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Storage arrays form the backbone of modern data centers by providing consolidated data access to multiple applications simultaneously. Deployments of consolidated storage using Storage Area Network (SAN) or Network-Attached Storage (NAS) hardware are increasing, motivated by easy access to data from anywhere at any time, ease of backup, flexibility in provisioning, and centralized administration. This trend is further fueled by the proliferation of virtualization technologies, which rely on shared storage to support features such as live migration of workloads across hosts.

A typical virtualized data center consists of multiple physical hosts, each running several virtual machines (VMs). Many VMs may compete for access to one or more logical units (LUNs) on a single storage array. The resulting contention at the array for resources such as controllers, caches, and disk arms leads to unpredictable IO completion times. Resource management mechanisms and policies are required to enable performance isolation, control service rates, and enforce service-level agreements.

In this paper, we target the problem of providing coarse-grained fairness to VMs, without assuming any support from the storage array itself. We also strive to remain work-conserving, so that the array is utilized efficiently. We focus on proportionate allocation of IO resources as a flexible building block for constructing higher-level policies. This problem is challenging for several reasons, including the need to treat the array as an unmodifiable black box, unpredictable array performance, uncertain available bandwidth, and the desire for a scalable decentralized solution.

Many existing approaches [13,16,14,25,28,27,21] allocate bandwidth among multiple applications running on a single host. In such systems, one centralized scheduler has complete control over all requests to the storage system. Other centralized schemes [19,30] attempt to control the queue length at the device to provide tight latency bounds. Although centralized schedulers are useful for host-level IO scheduling, in our virtualized environment we need an approach for coordinating IO scheduling across multiple independent hosts accessing a shared storage array.

More decentralized approaches, such as Triage [18], have been proposed, but still rely on centralized measurement and control. A central agent adjusts per-host bandwidth caps over successive time periods and communicates them to hosts. Throttling hosts using caps can lead to substantial inefficiency by under-utilizing array resources. In addition, host-level changes such as VMs becoming idle need to propagate to the central controller, which may cause a prohibitive increase in communication costs.

We instead map the problem of distributed storage access from multiple hosts to the problem of flow control in networks. In principle, fairly allocating storage bandwidth with high utilization is analogous to distributed hosts trying to estimate available network bandwidth and consuming it in a fair manner. The network is effectively a black box to the hosts, providing little or no information about its current state and the number of participants. Starting with this loose analogy, we designed PARDA, a new software system that enforces coarse-grained proportional-share fairness among hosts accessing a storage array, while still maintaining high array utilization.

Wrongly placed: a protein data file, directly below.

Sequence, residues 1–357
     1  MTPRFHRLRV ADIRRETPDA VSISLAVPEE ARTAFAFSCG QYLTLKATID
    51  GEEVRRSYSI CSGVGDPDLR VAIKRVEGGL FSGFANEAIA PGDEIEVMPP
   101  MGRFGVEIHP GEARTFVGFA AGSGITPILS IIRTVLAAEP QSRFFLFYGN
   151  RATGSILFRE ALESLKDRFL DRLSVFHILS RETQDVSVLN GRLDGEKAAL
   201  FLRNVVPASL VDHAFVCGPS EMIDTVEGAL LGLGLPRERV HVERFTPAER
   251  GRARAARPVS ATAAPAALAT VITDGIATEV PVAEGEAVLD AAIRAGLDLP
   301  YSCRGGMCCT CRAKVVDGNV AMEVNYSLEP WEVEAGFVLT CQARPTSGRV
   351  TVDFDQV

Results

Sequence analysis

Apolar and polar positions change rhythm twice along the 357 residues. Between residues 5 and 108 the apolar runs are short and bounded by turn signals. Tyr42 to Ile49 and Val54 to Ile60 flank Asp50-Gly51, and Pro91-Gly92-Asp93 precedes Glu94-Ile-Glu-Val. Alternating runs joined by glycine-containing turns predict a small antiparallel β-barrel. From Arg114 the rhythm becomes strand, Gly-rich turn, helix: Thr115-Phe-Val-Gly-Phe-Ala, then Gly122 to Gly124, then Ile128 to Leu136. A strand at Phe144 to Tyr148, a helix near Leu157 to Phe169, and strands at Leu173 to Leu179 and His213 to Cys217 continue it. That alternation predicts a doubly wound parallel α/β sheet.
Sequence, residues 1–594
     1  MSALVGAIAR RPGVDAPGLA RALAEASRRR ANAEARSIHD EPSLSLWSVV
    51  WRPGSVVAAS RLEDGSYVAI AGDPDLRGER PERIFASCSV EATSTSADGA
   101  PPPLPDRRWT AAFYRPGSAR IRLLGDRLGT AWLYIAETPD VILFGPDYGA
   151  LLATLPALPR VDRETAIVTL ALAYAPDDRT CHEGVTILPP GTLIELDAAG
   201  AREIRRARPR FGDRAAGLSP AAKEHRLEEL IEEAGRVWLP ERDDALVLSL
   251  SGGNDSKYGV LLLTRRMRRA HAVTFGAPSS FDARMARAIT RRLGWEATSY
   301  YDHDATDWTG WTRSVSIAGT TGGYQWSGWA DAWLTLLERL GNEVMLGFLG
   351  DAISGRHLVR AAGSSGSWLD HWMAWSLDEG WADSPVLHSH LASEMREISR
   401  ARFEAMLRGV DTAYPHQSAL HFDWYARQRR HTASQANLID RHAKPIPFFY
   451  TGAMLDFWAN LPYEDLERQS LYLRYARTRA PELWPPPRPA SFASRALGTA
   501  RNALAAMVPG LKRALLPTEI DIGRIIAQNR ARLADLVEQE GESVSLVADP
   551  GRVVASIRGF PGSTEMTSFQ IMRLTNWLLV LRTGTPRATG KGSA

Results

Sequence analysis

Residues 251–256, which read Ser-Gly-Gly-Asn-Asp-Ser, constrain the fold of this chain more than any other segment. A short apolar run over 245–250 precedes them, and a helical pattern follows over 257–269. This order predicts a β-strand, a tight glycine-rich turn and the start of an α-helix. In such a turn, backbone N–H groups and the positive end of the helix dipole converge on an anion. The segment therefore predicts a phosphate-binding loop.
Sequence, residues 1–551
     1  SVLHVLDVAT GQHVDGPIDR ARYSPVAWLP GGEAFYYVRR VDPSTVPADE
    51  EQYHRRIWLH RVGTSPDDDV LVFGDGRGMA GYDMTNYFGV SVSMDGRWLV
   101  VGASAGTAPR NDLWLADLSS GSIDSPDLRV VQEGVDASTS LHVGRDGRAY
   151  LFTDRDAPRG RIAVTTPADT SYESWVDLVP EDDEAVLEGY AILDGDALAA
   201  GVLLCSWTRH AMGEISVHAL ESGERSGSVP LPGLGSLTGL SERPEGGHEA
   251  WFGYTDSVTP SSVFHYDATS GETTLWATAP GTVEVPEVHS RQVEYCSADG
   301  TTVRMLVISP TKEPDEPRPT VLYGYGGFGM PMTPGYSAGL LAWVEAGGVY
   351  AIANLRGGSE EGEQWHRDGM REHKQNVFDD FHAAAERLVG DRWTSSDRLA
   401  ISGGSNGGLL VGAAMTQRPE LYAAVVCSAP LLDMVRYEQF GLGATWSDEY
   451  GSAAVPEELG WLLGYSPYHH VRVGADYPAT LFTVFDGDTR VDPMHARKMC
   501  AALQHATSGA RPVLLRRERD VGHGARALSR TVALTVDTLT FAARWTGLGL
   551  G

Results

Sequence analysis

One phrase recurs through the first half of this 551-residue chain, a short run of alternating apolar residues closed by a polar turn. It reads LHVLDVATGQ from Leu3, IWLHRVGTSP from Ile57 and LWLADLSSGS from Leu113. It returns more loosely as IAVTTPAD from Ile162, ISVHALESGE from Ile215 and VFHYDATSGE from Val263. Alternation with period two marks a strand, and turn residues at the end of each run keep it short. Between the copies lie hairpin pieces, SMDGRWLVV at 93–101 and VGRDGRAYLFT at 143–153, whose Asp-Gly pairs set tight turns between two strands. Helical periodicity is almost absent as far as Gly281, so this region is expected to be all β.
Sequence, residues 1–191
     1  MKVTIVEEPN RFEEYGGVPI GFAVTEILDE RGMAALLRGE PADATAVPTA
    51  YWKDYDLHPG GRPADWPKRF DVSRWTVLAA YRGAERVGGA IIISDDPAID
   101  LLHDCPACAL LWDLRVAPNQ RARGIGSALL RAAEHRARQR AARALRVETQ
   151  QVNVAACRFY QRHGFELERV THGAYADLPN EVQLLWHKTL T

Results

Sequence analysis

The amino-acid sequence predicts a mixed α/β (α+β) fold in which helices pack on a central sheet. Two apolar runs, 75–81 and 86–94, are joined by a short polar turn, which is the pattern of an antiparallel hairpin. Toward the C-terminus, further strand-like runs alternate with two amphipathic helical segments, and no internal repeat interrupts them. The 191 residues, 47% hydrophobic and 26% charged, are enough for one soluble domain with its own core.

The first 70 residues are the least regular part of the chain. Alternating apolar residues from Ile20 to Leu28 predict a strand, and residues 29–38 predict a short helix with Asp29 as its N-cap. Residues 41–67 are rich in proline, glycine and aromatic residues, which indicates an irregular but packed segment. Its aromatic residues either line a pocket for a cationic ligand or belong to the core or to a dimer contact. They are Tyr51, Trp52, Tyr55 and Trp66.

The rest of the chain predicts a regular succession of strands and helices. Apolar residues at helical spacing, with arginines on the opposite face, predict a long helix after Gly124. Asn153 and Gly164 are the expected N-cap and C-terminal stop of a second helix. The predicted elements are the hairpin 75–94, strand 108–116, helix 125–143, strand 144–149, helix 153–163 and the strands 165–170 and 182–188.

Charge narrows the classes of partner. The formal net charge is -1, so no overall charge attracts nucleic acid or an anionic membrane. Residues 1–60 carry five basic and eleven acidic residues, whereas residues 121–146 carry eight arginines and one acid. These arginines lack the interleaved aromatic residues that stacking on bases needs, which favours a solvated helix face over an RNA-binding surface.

PARDA uses the IO latency observed by each host as an indicator of load at the array, and uses a control equation to adjust the number of IOs issued per host, i.e., the host window size. We found that variability in IO latency, due to both request characteristics (e.g., degree of sequentiality, reads vs. writes, and IO size) and array internals (e.g., request scheduling, caching and block placement) could be magnified by the independent control loops running at each host, resulting in undesirable divergent behavior.

To handle such variability, we found that using the average latency observed across all hosts as an indicator of overall load produced stable results. Although this approach does require communication between hosts, we need only compute a simple average for a single metric, which can be accomplished using a lightweight, decentralized aggregation mechanism. PARDA also handles idle VMs and bursty workloads by adapting per-host weights based on long-term idling behavior, and by using a local scheduler at the host to handle short-term bursts. Integrating with a local proportional-share scheduler [10] enables fair end-to-end access to VMs in a distributed environment.

We implemented a complete PARDA prototype in the VMware ESX Server hypervisor [24]. For simplicity, we assume all hosts use the same PARDA protocol to ensure fairness, a reasonable assumption in most virtualized clusters. Since hosts run compatible hypervisors, PARDA can be incorporated into the virtualization layer, and remain transparent to the operating systems and applications running within VMs. We show that PARDA can maintain cluster-level latency close to a specified threshold, provide coarse-grained fairness to hosts in proportion to per-host weights, and provide end-to-end storage IO isolation to VMs or applications while handling diverse workloads.

The next section presents our system model and goals in more detail. Section 3 develops the analogy to network flow control, and introduces our core algorithm, along with extensions for handling bursty workloads. Storage-specific challenges that required extensions beyond network flow control are examined in Section 4. Section 5 evaluates our implementation using a variety of quantitative experiments. Related work is discussed in section 6, while conclusions and directions for future work are presented in Section 7.

Ajay Gulati 2009-01-14